Rock music typically uses simple unsyncopated rhythms in a 4/4 meter, with a repetitive snare drum back beat on beats two and four. Guitar solos feature prominently in rock music; however, keyboard, saxophone and blues-style harmonica are also sometimes used as soloing instruments. In its "purest form", it "has three chords, a strong, insistent back beat, and a catchy melody. Rock music is a genre of popular music that developed during and after the 1960s. It has its roots in 1940s and 1950s rock and roll, rhythm and blues, country music and also drew on folk music, jazz and classical music. The sound of rock often revolves around the electric guitar, bass guitar, drums, and keyboard instruments such as Hammond organ, piano, or, since the late 60s, synthesizers.
In the late 1960s and early 1970s, rock music developed different subgenres. When it was blended with folk music it created folk rock, with blues to create blues-rock and with jazz, to create jazz-rock fusion. In the 1970s, rock incorporated influences from soul, funk, and Latin music. Also in the 1970s, rock developed a large number of subgenres, such as soft rock, glam rock, heavy metal, hard rock, progressive rock, and punk rock. Rock subgenres that emerged in the 1980s included New Wave, hardcore punk and alternative rock. In the 1990s, rock subgenres included grunge, Britpop, indie rock, and nu metal.
A group of musicians specializing in rock music is called a rock band or rock group. Many rock groups consist of an electric guitarist, lead singer, bass guitarist, and a drummer, forming a quartet.
Some groups omit one or more of these roles or utilize a lead singer who plays an instrument while singing, sometimes forming a trio or duo; others include additional musicians such as one or two rhythm guitarists or a keyboardist.
Rock bands from some genres, particularly those related to rock's foundations in rock and roll, include a saxophone
More rarely, groups also utilize bowed stringed instruments such as violins or cellos, and brass instruments such as trumpets or trombones.
In the new millennium the term rock has been used as a blanket term including forms such as pop music, reggae music, soul music, and sometimes even hip hop, with which it has often been contrasted through much of its history
Punk rock was developed between 1974 and 1976 in the United States and the United Kingdom. Rooted in garage rock and other forms of what is now known as protopunk music, punk rock bands eschewed the perceived excesses of mainstream 1970s rock.They created fast, hard-edged music, typically with short songs, stripped-down instrumentation, and often political, anti-establishment lyrics. Punk embraces a DIY (do it yourself) ethic, with many bands self-producing their recordings and distributing them through informal channels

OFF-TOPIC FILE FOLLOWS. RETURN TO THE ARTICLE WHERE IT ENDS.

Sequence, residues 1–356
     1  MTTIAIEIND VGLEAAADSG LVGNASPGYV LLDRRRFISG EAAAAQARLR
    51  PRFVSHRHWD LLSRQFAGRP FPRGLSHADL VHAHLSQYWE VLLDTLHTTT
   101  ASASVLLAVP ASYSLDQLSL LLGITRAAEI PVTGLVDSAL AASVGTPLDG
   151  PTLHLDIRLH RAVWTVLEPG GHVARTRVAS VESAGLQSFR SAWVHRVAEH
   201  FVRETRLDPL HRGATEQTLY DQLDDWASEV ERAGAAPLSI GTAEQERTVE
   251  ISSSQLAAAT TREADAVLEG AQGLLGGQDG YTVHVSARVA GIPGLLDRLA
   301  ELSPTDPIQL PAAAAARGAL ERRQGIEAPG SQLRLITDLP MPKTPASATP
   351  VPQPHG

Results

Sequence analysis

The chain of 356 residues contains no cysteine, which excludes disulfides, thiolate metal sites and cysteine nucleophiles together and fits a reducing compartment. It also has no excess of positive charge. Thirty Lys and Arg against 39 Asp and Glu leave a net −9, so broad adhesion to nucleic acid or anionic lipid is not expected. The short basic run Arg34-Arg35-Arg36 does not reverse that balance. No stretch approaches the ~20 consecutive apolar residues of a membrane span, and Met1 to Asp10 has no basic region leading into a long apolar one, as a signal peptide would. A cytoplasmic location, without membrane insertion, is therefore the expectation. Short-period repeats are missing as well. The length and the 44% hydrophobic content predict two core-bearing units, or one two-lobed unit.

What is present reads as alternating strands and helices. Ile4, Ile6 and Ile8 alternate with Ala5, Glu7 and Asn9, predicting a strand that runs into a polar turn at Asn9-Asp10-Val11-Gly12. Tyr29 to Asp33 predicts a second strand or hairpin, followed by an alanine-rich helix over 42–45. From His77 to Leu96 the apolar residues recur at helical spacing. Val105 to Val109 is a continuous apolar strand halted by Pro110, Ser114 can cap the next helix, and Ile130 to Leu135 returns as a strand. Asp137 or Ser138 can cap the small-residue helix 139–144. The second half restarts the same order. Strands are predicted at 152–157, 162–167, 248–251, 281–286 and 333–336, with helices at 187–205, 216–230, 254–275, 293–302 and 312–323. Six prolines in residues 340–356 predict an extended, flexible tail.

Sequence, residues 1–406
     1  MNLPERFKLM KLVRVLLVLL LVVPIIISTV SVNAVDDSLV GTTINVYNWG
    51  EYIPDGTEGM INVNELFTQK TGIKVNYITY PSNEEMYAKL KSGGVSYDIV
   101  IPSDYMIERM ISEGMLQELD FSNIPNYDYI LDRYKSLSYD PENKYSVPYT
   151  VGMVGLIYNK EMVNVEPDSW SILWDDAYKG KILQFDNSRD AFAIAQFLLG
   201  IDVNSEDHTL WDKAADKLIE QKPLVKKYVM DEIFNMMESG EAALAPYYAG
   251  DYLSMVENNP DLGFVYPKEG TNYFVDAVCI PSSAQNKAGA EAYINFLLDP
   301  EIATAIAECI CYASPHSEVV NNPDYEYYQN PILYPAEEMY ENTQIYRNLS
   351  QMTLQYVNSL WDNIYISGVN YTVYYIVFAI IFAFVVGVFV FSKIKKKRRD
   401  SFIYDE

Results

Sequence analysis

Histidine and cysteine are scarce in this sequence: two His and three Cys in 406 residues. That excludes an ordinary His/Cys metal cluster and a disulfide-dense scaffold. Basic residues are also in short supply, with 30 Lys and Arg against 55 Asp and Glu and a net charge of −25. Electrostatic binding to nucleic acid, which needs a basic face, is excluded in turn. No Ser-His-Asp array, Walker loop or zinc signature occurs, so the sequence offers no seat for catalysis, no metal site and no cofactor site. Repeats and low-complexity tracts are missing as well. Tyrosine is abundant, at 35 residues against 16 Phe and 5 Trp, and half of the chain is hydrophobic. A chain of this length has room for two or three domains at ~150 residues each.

By late 1976, acts such as the Ramones and Patti Smith, in New York City, and the Sex Pistols and The Clash, in London, were recognized as the vanguard of a new musical movement. The following year saw punk rock spreading around the world. Punk quickly, though briefly, became a major cultural phenomenon in the United Kingdom. For the most part, punk took root in local scenes that tended to reject association with the mainstream. An associated punk subculture emerged, expressing youthful rebellion and characterized by distinctive clothing styles and a variety of anti- authoritarian ideologies.
By the beginning of the 1980s, faster, more aggressive styles such as hardcore and Oi! had become the predominant mode of punk rock. Since punk rock's initial popularity in the 1970s and the renewed interest created by the punk revival of the 1990s, punk rock continues to have a strong underground following. This has resulted in several evolved strains of hardcore punk, such as D-beat (a distortion-heavy subgenre influenced by the UK band Discharge), anarcho-punk (such as Crass), grindcore (such as Napalm Death), and crust punk. Musicians identifying with or inspired by punk also pursued a broad range of other variations, giving rise to New Wave, post- punk and the alternative rock movement